It is impossible to wrap my head around the abrupt end of college hockey season. This isn’t news to you by now, I’m sure, but there will be no more college hockey (or NCAA anything) for the immediate future.
The last 72 hours have been surreal. Many of you know that I teach at Mott Community College in Flint, Mich. We are currently on spring break, and my colleagues and I are anxiously watching events unfold in higher education. Locally, Michigan State was the first to announce a move to online classes. Michigan — including its campus in Flint — announced this move soon after. As colleges and universities across the country began to limit social interaction, I knew it was only a matter of time before the NCAA would do the same.
In case you haven’t heard, the governors of Ohio and Michigan have closed all K-12 schools for the next three weeks. It’s the responsible thing to do. I suspect other states will do the same. We all expect other changes in the next six to eight weeks that will disrupt our lives and challenge us. We should all commit to keeping ourselves and those around us as healthy as we can.
Unfortunately, that means a good deal of social distancing — and that means the end of the season of the sport that we love so much.
My heart breaks for the student-athletes whose seasons have just ended with no warning. I cover only D-I men’s ice hockey, and I am thinking especially of the young men I know for whom this is the highest level of organized hockey they will ever play — although I know that this effects many, many women and men in several sports across the NCAA and NJCAA. For all who played their last game without knowing it was their last game, the feeling of being robbed of something sacred must be overwhelming. There is no closure for these student-athletes, no awareness of that one last time. No tears in defeat. No trophies for champions. Just nothing.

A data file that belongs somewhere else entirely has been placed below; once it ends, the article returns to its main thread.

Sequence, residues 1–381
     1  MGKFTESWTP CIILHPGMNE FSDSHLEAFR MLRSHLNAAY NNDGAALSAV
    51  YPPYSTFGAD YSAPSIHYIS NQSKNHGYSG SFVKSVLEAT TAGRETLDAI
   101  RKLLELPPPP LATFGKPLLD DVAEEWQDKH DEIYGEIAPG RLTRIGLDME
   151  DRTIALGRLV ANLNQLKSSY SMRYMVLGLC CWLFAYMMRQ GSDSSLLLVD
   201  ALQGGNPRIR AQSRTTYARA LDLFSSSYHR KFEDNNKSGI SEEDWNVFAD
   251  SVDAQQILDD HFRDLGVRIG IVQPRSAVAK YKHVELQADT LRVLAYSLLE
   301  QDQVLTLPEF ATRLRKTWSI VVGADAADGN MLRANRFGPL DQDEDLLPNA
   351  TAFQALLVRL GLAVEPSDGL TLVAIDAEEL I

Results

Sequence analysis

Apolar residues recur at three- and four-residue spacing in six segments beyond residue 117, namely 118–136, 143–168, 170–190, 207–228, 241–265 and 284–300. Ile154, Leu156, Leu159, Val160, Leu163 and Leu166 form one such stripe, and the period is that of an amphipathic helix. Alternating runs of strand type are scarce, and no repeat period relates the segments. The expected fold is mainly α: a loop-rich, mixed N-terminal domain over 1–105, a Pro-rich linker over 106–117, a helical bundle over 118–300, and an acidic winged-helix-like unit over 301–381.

My heart breaks, too, for all of the student reporters, photographers, and broadcasters who — like the student-athletes — may have covered their last collegiate game without knowing it.
It’s college. They’re kids. And their lives have changed abruptly and in some cases permanently, and all within days.
I’m sad for the coaches and staffs that have worked so hard through long seasons, the on-ice officials who didn’t know they were skating their last games, the off-ice officials, everyone in all of the athletic departments who are processing what’s just happened. The ushers and other people who work the arenas. The pep bands. The student sections. The mascots. The fans. Everyone for whom the ritual of weekly games is an important part of their lives.
There are many people for whom this is a huge financial hit as well, especially freelance reporters who depend on playoffs for a good chunk of their yearly income.
And I am not going to lie: I shed real tears when I realized that I won’t be seeing my hockey family at the Frozen Four this year. It really is a family. Close to home, the USCHO family is tight, with friendships that span decades. It’s an extended family, though, of other reporters and broadcasters, people in sports information, coaches, fans.
Then there’s Detroit, a city that can’t catch a break.
On Tuesday in our weekly TMQ, Jimmy Connelly and I talked about how the coronavirus might impact NCAA play. On Wednesday, Jimmy and Jayson Moy posted their latest Bracketology. Yesterday — before we knew the season would end so abruptly — my excellent writing partner, Drew Claussen, posted a great Big Ten column looking at the playoffs.
And then the season was over. Just like that.
This post is more than a lament for something we’re all mourning. I do want to wrap up the season’s picks.
Drew: 4-3 (.571)
Paula: 3-4 (.429)
Final for the season
Drew: 85-57-16 (.589)
Paula: 74-68-16 (.519)
I’m glad I finished above .500.
I don’t know what’s in store for USCHO in the coming weeks, but you can find out by following us (@USCHO) on Twitter. Also, stay in touch with Drew (@drewclaussen) and me (@paulacweston) in the coming weeks and in the offseason.
Stay safe. Please take care of yourself. Thanks for being here with us.